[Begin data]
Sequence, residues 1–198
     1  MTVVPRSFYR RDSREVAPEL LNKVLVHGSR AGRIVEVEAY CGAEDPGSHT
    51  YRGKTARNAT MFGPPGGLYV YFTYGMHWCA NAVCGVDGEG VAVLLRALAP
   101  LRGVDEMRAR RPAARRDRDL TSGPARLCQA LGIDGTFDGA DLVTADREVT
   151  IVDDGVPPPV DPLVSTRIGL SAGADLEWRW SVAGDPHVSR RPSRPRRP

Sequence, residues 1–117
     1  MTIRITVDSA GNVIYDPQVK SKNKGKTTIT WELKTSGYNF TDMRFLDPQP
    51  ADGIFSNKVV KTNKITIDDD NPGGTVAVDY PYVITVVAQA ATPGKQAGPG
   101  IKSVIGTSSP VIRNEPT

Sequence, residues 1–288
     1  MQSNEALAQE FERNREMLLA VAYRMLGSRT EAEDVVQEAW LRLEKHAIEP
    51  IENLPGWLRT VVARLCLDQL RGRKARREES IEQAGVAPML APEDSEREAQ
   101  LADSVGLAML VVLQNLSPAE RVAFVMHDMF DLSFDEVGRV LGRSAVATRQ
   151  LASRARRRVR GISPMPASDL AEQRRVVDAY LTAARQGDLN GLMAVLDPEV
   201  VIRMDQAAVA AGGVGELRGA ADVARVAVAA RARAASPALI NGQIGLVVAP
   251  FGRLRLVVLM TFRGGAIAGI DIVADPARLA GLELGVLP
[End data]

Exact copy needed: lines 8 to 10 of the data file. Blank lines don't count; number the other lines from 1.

    51  ADGIFSNKVV KTNKITIDDD NPGGTVAVDY PYVITVVAQA ATPGKQAGPG
   101  IKSVIGTSSP VIRNEPT

Sequence, residues 1–288